Thu, Oct 12, 2017 - Page 6 News List

Kenya election in flux after Odinga pull-out

Reuters, NAIROBI

A supporter of the Kenyan opposition National Super Alliance coalition blows a whistle during a demonstration in Nairobi yesterday.

Photo: Reuters

A Kenyan court yesterday said a defeated candidate in August’s presidential elections could contest this month’s rerun, a day after the main opposition leader pulled out.

However, the Kenyan High Court ruling in favor of Ekuru Aukot failed to dispel concerns about how a deepening political crisis would play out, as he said he had doubts about standing while opposition supporters gathered in response to calls to demonstrate for electoral reform.

The repeat election between Kenyan President Uhuru Kenyatta and challenger Raila Odinga was scheduled for Oct. 26, after the Supreme Court annulled the original ballot — in which Kenyatta was declared the winner — due to procedural irregularities.

Odinga on Tuesday said that he was withdrawing amid concerns that the rerun would not be free and fair, renewing calls for a new Independent Electoral and Boundaries Commission (IEBC), which he blamed for the irregularities, to be appointed.

Further muddying the political waters, lawmakers yesterday passed an amendment to the nation’s election laws stipulating that if one candidate withdraws from a repeat presidential election, the other one would automatically win.

Once the president signs it, the law would immediately take effect, legislative spokesman Martin Mutua said.

The vote was boycotted by opposition lawmakers.

Tuesday’s declaration by Odinga fed into a mood of unease that has stoked citizens’ fears over a potential descent into violence and blunted growth.

A repeat of the widespread ethnic clashes that killed 1,200 people followed a disputed presidential poll in 2007 appears unlikely at this stage.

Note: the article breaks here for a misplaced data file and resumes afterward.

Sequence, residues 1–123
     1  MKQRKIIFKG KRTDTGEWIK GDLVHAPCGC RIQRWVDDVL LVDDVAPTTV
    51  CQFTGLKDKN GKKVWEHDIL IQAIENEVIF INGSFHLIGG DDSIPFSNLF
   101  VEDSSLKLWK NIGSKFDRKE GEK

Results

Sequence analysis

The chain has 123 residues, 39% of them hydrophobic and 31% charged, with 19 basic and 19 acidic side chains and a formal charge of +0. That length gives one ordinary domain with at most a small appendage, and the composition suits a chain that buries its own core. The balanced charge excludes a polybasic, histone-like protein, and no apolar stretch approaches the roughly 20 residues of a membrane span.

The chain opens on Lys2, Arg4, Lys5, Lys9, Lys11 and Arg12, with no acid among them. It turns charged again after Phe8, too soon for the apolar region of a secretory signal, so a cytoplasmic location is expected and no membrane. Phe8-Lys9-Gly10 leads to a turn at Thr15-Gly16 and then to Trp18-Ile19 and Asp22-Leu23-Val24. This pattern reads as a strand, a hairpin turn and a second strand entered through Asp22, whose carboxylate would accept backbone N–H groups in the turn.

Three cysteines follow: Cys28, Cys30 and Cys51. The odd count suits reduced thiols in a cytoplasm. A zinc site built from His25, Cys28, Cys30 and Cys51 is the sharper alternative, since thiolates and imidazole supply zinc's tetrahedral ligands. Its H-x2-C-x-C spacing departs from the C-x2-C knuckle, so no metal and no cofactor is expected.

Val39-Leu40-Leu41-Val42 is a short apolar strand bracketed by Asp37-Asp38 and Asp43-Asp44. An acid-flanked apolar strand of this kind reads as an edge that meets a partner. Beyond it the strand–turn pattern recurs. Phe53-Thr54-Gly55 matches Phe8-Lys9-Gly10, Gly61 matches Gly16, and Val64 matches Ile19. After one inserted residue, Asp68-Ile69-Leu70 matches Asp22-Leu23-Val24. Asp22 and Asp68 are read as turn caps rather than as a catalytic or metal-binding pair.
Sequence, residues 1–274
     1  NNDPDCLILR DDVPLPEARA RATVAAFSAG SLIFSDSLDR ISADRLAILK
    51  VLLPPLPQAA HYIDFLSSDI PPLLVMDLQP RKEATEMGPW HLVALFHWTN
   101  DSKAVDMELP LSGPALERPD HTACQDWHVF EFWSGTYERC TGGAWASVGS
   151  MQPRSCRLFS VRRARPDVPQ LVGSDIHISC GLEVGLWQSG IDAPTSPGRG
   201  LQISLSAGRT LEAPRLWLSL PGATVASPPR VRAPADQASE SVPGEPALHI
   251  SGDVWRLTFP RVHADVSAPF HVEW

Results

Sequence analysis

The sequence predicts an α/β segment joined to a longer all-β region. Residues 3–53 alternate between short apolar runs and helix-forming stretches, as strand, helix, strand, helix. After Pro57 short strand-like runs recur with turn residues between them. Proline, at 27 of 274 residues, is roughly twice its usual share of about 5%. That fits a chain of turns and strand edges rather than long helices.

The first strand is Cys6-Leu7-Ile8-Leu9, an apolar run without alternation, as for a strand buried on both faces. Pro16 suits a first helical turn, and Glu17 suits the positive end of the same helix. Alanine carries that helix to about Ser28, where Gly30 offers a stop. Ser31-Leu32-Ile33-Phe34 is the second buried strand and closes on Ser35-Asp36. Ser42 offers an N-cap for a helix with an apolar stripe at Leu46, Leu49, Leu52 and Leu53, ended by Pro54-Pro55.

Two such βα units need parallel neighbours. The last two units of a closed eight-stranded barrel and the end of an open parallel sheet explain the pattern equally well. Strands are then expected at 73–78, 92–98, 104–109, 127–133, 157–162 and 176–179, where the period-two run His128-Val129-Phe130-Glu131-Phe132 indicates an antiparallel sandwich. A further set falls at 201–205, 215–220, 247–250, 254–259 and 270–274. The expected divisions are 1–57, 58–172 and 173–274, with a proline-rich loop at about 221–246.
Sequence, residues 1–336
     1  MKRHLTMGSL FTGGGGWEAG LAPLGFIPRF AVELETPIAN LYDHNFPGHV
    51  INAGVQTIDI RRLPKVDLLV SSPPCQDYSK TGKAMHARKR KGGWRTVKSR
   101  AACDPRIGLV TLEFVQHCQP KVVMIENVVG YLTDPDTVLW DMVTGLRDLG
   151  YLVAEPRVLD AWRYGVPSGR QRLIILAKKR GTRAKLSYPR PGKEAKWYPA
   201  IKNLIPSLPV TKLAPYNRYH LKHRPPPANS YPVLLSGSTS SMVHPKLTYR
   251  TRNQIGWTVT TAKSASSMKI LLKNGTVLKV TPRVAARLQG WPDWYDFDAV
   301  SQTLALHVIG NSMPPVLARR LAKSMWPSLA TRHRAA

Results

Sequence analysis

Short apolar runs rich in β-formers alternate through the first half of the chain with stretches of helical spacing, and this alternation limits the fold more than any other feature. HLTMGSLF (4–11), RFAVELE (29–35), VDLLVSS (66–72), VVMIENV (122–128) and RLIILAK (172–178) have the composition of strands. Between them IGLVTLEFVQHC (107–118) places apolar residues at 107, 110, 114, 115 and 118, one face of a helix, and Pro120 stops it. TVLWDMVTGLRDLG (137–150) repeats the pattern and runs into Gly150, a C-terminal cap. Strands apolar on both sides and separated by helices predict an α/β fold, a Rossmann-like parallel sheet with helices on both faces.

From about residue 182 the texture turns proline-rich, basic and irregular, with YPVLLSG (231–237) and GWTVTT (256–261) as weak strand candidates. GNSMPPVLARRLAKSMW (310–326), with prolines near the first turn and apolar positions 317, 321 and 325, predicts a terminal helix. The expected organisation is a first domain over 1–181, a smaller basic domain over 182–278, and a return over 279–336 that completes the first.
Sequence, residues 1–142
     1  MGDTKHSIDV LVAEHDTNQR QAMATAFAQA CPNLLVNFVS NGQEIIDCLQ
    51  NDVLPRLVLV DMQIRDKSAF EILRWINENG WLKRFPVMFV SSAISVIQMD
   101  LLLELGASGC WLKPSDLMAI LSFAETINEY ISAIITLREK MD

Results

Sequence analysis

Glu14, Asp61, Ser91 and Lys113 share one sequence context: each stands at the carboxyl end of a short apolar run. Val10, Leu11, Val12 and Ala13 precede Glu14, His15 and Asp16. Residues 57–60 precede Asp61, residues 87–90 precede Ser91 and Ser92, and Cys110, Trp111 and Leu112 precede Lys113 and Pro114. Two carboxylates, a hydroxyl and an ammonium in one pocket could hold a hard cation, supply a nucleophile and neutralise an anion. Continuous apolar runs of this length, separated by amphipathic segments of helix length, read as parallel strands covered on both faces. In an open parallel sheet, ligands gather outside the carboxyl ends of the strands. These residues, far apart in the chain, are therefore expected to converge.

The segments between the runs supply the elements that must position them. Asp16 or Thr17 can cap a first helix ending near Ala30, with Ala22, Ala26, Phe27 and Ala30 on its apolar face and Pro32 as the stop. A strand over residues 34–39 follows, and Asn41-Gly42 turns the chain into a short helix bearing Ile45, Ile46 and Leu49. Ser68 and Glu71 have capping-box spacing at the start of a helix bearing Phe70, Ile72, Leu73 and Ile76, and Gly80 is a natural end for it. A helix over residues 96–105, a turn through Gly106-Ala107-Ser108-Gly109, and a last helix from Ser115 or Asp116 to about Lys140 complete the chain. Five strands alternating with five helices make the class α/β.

However, at least 37 people were killed in protests immediately following the vote, almost all of them by police, a Kenyan rights group said on Monday.

Opposition supporters yesterday again demonstrated for changes at the electoral board.

Protesters lit bonfires in Kisumu, an Odinga stronghold, while hundreds of other supporters gathered in the main park in Nairobi.

“We want a reformed IEBC,” opposition legislator Elisha Odhiambo said, referring to the electoral board, which has frequently relied on riot police dispersing protests outside its offices.

Aukot told reporters outside the High Court that he still had concerns about the board and would issue a statement in a day or two giving clarity about his plans.

Justice John Mativo earlier said he could “find nothing to bar the petitioner [Aukot] from contesting the fresh election.”

It was unclear if other candidates from the first ballot with little support would also seek to be included, but the election board said it still had time to print ballot papers.

The Sept. 1 Supreme Court judgement that nullified Kenyatta’s 1.4 million vote win also stipulated elections had to be held within 60 days.

If that schedule is not met, the constitution provides for the speaker of the legislature, a member of Kenyatta’s party, to take power.

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